News Column

The Commercial Appeal, Memphis, Tenn., David Waters column

July 21, 2014

By David Waters, The Commercial Appeal, Memphis, Tenn.

July 21--Blame it on Detroit and other deadbeat municipalities that finally put the fear of God into governments for failing to live up to billions of dollars in promises made to employees and retirees.

Blame it on DeSoto County and other suburban sirens that lure urban taxpayers with promises of lower taxes, better schools and fewer problems -- temptations that result in higher taxes, declining schools and more problems for Memphis.

Blame it on former Memphis city officials who avoided tax increases or service cuts by hiding generous retirement benefits in the footnotes of annual budgets and shifting those burdens to future taxpayers.

Blame it on current city officials who are trying to avoid tax increases or service cuts by shifting the burden of generous retirement benefits from the people who agreed to pay for them to the people who are supposed to get them.

Blame it on Wall Street analysts and investors, who encouraged public and private employers to rig their balance sheets to bolster bond ratings or quarterly earnings.

Blame it on anonymous accountants who suddenly decided that local governments should no longer be allowed to rig their balance sheets.

Blame whomever you like for the city's current financial struggles, and the fear and loathing it has generated.

That doesn't help Memphis paramedic Julian Wilson or countless other city employees or retirees who now are being asked to pay the price for decades of rigged budgets, rising costs, risk-averse politicians and revised bookkeeping standards.

Wilson, 52, has been watching over us for 25 years.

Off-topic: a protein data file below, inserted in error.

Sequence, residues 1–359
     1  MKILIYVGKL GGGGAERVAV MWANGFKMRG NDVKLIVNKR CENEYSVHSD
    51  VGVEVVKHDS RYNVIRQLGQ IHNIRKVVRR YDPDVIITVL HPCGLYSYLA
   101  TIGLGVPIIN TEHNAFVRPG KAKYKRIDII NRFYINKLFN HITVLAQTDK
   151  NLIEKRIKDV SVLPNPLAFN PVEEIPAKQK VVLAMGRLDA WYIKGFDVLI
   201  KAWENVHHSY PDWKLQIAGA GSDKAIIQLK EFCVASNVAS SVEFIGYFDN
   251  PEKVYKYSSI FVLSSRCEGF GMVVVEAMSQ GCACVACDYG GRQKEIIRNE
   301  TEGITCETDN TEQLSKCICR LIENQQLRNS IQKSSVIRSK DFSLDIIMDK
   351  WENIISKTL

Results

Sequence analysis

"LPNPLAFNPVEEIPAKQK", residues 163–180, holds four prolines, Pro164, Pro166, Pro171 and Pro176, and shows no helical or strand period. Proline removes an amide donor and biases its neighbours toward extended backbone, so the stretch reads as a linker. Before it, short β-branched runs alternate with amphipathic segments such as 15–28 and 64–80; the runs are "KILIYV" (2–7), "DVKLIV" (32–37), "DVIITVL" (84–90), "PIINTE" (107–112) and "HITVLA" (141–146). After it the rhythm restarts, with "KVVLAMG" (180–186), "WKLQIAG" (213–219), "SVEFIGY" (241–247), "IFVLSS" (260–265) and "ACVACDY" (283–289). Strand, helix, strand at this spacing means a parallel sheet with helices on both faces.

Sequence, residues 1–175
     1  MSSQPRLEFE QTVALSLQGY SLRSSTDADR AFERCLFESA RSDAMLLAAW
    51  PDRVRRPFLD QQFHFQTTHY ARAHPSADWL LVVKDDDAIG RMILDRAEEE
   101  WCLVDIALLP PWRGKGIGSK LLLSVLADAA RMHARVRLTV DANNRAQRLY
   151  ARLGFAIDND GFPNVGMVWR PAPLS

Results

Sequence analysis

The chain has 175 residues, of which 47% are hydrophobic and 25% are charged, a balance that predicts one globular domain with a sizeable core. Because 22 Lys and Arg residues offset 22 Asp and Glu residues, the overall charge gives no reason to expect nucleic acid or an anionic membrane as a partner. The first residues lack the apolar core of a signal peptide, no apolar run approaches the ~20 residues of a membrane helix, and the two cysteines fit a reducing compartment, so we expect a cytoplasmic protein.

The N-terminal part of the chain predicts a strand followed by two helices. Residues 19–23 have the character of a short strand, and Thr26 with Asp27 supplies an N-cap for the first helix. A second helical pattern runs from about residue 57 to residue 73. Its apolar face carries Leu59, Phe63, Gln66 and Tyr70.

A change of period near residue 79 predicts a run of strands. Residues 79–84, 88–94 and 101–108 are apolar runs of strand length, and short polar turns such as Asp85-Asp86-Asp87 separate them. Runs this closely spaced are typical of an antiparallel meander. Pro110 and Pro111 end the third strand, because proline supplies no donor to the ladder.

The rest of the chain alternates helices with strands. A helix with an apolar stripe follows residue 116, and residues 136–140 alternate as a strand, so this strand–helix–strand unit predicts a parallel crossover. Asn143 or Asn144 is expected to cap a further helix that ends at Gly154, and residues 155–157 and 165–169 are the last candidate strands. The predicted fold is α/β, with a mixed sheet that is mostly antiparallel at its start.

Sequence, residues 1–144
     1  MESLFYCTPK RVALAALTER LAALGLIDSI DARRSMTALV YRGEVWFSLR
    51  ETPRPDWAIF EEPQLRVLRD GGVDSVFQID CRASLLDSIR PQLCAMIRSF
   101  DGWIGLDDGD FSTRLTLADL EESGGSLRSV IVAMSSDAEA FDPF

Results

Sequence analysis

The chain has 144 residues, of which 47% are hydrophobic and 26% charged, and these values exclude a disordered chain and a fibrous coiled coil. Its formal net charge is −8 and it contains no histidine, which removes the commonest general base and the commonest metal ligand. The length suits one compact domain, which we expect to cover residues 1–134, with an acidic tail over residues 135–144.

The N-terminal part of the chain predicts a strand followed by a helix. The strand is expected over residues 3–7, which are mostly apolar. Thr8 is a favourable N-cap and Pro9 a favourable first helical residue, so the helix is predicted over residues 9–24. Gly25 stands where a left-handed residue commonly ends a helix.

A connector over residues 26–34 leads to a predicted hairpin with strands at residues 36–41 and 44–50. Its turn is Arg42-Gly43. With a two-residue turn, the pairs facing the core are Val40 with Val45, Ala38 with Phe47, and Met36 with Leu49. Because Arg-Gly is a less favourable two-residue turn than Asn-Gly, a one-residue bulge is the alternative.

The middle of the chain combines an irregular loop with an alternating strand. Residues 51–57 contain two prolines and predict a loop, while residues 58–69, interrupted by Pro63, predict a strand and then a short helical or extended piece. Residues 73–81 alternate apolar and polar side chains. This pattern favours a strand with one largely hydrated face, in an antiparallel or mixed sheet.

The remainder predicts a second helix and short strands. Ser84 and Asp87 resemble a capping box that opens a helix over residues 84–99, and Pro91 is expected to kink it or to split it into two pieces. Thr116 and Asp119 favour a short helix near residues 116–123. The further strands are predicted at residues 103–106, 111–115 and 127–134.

Whenever an elderly person falls, or a child chokes, or a man gets shot, or a woman gets beaten, or anyone has a stroke or heart attack or asthma attack, whenever an illness or injury suddenly threatens someone's life, we call Wilson and he responds first -- usually within four minutes.

In exchange, we paid him about $56,000 a year, covered 70 percent of his health-insurance premiums, contributed to his pension, and told him he could retire if he served us for 25 years.

It was a good deal for Wilson and a bargain for us.

Over the years, Wilson's been shot at, threatened with knives and other weapons, attacked by dogs, yelled and cussed at, all for trying to keep his end of the bargain.

He hasn't had a raise in five years. Now, the city is making plans to quintuple his health-insurance premiums, if he retires.

"I feel like they pulled the rug out from under me," Wilson said after he attended Tuesday's City Council meeting.

"I just want what I was promised. I just want what I've earned."

It's good that the city is finally facing its financial realities.

New accounting standards and state laws are forcing the city to change the way it keeps its books.

Fixed costs such as pensions, retiree benefits and other long-term debts now make up nearly half of the city's operating budget. (By comparison, it's about 20 percent in Nashville.)

The city can't afford to be in the health-insurance business anymore. As more people live longer, old-fashioned pension plans aren't sustainable anymore.

The city's population and tax base isn't growing fast enough to make up for rising costs, ill-advised decisions by former officials, or larger economic fluctuations.

"If you think growing pains are tough, try shrinking pains," said Brian Collins, the city's chief financial officer.

That's the bottom line, but the bottom line isn't going to respond when we call for help.

To their credit, city officials are making allowances for retirees over 65 who don't qualify for Medicare; those under 65 who can't get insurance through a spouse or other job; survivors of those killed in the line of duty; those disabled in the line of duty.

They say they will help current employees find other affordable health-care plans. They say no one who has a pension will lose it, no one who has made pension-plan contributions will lose a penny of it.

"There are no easy solutions," said City Council chairman Jim Strickland.

He's right.

"There are better solutions," said Thomas Malone, a former firefighter and president of the Memphis Fire Fighters Association.

That's the challenge. We owe it to Julian Wilson to find them.

The balance sheet, no matter how accurate it finally might be, can't lift a finger when lives hang in the balance.

Contact David Waters at 901-529-2377 or


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Source: Commercial Appeal (Memphis, TN)

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